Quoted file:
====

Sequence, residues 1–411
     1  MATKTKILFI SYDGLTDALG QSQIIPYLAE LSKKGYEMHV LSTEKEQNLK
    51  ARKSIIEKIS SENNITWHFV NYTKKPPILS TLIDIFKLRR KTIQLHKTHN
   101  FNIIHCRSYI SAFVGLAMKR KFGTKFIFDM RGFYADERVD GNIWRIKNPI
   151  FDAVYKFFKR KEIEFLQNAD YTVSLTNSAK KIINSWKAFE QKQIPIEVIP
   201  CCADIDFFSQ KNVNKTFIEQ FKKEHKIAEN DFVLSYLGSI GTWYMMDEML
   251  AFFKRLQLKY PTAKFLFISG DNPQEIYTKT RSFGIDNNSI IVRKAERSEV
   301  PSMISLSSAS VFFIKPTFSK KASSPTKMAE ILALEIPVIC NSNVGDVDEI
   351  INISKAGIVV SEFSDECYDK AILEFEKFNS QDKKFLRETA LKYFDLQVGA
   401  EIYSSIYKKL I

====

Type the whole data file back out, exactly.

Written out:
Sequence, residues 1–411
     1  MATKTKILFI SYDGLTDALG QSQIIPYLAE LSKKGYEMHV LSTEKEQNLK
    51  ARKSIIEKIS SENNITWHFV NYTKKPPILS TLIDIFKLRR KTIQLHKTHN
   101  FNIIHCRSYI SAFVGLAMKR KFGTKFIFDM RGFYADERVD GNIWRIKNPI
   151  FDAVYKFFKR KEIEFLQNAD YTVSLTNSAK KIINSWKAFE QKQIPIEVIP
   201  CCADIDFFSQ KNVNKTFIEQ FKKEHKIAEN DFVLSYLGSI GTWYMMDEML
   251  AFFKRLQLKY PTAKFLFISG DNPQEIYTKT RSFGIDNNSI IVRKAERSEV
   301  PSMISLSSAS VFFIKPTFSK KASSPTKMAE ILALEIPVIC NSNVGDVDEI
   351  INISKAGIVV SEFSDECYDK AILEFEKFNS QDKKFLRETA LKYFDLQVGA
   401  EIYSSIYKKL I